Atmospheric aerosol deposition fluxes over the Atlantic Ocean: A GEOTRACES case study
Atmospheric deposition is an important source of micronutrients to the ocean, but atmospheric deposition fluxes remain poorly constrained in most ocean regions due to the limited number of field observations of wet and dry atmospheric inputs. Here we present the distribution of dissolved aluminium (dAl), as a tracer of atmospheric inputs, in surface waters of the Atlantic Ocean along GEOTRACES sections GA01, GA06, GA08, and GA10. We used the surface mixed layer concentrations of dAl to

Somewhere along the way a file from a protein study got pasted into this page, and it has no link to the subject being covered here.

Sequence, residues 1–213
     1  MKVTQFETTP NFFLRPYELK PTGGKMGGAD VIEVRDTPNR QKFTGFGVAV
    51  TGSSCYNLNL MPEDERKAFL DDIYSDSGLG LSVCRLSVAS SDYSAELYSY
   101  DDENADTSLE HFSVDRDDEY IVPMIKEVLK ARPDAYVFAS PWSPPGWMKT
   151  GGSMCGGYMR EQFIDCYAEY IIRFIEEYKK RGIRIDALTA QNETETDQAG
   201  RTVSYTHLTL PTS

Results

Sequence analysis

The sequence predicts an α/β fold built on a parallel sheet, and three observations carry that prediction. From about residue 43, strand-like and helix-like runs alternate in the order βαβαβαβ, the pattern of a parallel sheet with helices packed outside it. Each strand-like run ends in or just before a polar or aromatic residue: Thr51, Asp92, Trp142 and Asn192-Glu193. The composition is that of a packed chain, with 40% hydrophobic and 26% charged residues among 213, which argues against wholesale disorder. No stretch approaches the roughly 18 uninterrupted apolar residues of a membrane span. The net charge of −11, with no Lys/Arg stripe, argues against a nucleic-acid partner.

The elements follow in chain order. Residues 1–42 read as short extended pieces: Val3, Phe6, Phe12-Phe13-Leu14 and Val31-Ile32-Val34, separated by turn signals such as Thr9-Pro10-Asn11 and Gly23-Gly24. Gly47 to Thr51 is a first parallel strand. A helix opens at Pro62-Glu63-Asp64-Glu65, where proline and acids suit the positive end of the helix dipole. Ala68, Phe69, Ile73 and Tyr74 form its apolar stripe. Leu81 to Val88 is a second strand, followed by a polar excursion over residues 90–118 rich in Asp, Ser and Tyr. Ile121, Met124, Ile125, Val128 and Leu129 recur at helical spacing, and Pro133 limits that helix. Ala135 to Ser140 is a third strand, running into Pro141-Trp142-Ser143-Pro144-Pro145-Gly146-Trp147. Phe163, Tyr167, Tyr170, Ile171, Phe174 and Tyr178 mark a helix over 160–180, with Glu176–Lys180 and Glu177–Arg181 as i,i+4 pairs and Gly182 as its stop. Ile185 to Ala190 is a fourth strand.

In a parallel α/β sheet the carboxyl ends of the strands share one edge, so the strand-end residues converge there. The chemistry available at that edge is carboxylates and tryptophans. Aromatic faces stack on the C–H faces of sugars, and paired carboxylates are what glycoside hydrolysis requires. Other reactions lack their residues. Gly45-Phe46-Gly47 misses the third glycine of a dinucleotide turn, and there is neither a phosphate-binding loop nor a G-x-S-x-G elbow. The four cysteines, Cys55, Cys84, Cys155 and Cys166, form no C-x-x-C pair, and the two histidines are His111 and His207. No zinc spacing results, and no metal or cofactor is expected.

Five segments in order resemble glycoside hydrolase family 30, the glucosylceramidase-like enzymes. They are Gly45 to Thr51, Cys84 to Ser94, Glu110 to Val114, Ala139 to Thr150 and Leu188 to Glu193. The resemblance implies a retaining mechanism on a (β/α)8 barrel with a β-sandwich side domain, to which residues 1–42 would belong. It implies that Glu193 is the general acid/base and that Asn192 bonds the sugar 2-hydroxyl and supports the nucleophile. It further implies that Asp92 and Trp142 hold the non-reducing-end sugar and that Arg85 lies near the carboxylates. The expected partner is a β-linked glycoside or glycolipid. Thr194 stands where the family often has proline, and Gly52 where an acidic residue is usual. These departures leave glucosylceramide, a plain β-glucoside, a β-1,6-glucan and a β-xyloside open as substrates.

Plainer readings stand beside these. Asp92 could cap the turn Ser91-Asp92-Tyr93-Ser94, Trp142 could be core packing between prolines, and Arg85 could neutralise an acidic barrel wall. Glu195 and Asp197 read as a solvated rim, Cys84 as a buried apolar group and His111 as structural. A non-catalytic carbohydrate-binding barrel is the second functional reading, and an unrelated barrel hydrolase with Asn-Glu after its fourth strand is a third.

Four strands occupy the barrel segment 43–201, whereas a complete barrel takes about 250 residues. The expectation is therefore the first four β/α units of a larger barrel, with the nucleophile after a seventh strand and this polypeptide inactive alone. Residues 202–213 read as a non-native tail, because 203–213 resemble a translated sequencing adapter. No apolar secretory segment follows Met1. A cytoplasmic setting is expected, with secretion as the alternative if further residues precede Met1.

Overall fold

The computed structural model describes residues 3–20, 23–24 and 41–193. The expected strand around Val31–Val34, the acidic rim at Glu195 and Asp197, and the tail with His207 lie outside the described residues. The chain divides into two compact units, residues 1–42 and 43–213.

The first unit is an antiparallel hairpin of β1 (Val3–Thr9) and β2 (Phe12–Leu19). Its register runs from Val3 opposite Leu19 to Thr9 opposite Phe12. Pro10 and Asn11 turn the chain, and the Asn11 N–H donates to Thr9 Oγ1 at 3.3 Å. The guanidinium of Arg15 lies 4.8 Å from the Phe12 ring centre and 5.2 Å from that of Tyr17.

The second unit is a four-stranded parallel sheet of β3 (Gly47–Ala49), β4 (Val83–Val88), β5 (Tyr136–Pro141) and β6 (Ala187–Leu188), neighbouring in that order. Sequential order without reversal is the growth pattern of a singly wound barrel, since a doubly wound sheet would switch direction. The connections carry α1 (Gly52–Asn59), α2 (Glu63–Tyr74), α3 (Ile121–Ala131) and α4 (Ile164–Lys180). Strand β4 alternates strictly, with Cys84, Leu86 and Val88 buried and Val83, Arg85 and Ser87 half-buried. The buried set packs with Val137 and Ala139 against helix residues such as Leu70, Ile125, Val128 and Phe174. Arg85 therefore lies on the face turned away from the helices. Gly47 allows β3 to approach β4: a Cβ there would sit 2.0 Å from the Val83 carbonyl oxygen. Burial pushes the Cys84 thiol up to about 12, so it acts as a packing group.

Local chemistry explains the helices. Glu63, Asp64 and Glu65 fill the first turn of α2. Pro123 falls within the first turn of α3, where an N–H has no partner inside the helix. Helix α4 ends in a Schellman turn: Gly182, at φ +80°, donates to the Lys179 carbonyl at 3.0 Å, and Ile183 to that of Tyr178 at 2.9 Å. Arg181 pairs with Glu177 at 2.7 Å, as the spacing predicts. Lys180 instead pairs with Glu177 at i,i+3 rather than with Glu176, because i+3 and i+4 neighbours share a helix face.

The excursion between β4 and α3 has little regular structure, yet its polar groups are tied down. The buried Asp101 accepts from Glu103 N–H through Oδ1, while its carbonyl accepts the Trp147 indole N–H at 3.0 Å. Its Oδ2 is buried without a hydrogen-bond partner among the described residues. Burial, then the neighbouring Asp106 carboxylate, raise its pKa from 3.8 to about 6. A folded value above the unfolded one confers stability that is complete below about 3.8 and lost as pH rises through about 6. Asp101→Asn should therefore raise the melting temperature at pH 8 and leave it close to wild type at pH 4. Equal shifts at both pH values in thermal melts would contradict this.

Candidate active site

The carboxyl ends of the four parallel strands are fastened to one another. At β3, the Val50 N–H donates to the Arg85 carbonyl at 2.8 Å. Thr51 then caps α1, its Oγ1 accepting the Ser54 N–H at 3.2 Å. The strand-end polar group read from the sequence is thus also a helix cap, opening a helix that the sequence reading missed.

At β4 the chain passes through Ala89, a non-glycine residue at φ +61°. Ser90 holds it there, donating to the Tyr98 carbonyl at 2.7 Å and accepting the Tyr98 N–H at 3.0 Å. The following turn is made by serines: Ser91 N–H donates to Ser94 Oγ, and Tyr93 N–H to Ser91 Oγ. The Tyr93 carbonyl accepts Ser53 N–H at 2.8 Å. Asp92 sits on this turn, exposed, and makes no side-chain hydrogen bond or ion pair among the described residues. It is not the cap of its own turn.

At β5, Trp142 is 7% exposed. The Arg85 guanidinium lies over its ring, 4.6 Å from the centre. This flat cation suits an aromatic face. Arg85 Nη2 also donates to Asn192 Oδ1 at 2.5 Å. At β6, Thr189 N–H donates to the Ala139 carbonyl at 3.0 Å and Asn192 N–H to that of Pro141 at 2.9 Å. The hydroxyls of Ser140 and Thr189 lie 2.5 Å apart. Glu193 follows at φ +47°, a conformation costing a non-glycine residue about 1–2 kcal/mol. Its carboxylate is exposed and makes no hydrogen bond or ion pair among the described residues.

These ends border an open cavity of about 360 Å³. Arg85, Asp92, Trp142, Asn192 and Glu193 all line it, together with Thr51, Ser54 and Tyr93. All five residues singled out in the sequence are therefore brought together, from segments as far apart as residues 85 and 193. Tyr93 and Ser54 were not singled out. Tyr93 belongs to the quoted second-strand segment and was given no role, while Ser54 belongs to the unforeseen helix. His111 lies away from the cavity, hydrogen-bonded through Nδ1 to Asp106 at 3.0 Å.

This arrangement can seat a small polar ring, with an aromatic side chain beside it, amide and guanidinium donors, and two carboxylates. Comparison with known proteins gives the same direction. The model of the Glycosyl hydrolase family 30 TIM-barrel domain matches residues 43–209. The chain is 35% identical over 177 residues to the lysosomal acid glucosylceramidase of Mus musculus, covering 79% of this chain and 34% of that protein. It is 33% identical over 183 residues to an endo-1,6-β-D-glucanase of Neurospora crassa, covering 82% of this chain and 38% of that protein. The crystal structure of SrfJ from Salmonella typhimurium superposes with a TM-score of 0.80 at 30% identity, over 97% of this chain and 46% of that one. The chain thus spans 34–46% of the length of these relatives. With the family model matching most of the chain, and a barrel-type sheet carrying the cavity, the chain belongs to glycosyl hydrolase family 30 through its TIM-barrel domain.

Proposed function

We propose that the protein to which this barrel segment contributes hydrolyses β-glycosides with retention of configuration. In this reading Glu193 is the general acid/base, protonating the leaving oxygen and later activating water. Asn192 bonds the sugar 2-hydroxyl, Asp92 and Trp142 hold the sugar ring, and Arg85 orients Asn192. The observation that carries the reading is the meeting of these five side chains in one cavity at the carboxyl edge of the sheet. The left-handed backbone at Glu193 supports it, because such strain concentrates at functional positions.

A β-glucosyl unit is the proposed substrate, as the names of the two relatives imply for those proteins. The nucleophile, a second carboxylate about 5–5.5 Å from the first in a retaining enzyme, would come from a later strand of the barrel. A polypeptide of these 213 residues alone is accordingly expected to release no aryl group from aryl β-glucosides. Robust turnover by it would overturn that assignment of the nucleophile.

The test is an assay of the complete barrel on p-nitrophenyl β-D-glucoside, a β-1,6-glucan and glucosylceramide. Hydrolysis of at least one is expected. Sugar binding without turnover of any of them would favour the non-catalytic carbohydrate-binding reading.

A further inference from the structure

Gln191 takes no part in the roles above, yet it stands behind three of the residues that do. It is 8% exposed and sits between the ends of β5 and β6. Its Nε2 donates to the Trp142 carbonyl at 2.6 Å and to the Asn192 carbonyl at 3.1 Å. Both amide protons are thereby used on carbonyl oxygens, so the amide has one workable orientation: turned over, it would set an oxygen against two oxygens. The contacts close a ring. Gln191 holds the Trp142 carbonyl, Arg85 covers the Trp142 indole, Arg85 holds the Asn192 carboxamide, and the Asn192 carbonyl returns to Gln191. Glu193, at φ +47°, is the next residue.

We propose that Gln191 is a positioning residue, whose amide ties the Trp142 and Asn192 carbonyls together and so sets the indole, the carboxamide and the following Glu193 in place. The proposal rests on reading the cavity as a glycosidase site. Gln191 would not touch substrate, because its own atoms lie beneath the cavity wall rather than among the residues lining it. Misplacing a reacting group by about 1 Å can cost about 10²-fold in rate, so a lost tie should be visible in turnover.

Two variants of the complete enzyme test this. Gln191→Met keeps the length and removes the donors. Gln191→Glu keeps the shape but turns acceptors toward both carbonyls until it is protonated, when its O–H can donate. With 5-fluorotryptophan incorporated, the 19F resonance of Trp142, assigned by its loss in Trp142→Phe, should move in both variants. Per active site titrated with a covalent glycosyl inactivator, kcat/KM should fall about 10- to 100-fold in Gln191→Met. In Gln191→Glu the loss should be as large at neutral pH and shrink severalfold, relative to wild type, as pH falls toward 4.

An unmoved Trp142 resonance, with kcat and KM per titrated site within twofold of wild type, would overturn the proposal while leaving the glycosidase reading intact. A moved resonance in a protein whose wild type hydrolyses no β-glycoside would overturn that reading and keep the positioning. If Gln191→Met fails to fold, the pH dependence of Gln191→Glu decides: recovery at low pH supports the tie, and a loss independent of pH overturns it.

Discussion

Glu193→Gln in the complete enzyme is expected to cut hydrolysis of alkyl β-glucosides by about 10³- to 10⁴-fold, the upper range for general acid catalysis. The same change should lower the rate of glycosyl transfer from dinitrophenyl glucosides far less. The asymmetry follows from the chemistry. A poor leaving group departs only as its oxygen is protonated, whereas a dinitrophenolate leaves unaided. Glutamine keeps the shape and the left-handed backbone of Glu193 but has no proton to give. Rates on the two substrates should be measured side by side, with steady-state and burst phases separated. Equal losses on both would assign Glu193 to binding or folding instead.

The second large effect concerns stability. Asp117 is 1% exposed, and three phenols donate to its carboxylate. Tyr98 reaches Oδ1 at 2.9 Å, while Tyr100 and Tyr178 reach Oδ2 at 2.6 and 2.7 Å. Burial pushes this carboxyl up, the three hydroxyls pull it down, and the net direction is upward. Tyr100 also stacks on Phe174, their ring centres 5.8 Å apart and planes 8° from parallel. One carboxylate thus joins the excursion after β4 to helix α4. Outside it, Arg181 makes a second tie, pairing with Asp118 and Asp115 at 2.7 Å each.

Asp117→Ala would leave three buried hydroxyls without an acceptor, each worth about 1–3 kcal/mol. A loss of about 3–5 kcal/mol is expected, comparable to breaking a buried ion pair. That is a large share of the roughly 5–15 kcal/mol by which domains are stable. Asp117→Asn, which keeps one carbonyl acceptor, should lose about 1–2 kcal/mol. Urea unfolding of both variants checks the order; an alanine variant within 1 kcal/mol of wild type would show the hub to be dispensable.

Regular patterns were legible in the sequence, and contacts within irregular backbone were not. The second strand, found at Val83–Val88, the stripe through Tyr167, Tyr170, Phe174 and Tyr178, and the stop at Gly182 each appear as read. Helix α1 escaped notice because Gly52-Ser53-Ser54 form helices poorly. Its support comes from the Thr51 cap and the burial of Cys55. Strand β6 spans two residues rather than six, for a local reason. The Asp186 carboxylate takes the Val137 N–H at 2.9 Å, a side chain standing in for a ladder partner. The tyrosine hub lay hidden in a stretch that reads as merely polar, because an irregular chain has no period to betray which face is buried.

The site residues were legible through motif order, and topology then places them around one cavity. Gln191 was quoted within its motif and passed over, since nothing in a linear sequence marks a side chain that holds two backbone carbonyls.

... of dAl to calculate atmospheric deposition fluxes using a simple steady state model. We have optimized the aerosol Al fractional solubility, dAl residence time within the surface mixed layer and depth of the surface mixed layer for each separate cruise to calculate the atmospheric deposition fluxes. We calculated the lowest deposition fluxes of 0.15&thinsp;±&thinsp;0.1 and 0.27&thinsp;±&thinsp;0.13&thinsp;g&thinsp;m<sup>&minus;2</sup>&thinsp;yr<sup>&minus;1</sup> for the South and North Atlantic Ocean (>&thinsp;40°&thinsp;S and >&thinsp;40°&thinsp;N), respectively, and highest fluxes of 2.67&thinsp;±&thinsp;1.96 and 3.82&thinsp;±&thinsp;2.72&thinsp;g&thinsp;m<sup>&minus;2</sup>&thinsp;yr<sup>&minus;1</sup> for the South East Atlantic and tropical Atlantic Ocean, respectively. Overall, our estimations are comparable to atmospheric dust deposition model estimates and reported field-based atmospheric deposition estimates. We note that our estimates diverge from atmospheric dust deposition model flux estimates in regions influenced by riverine Al inputs and in upwelling regions. As dAl is a key trace element in the GEOTRACES Programme, the approach presented in this study allows calculations of atmospheric deposition fluxes at high spatial resolution for remote ocean regions.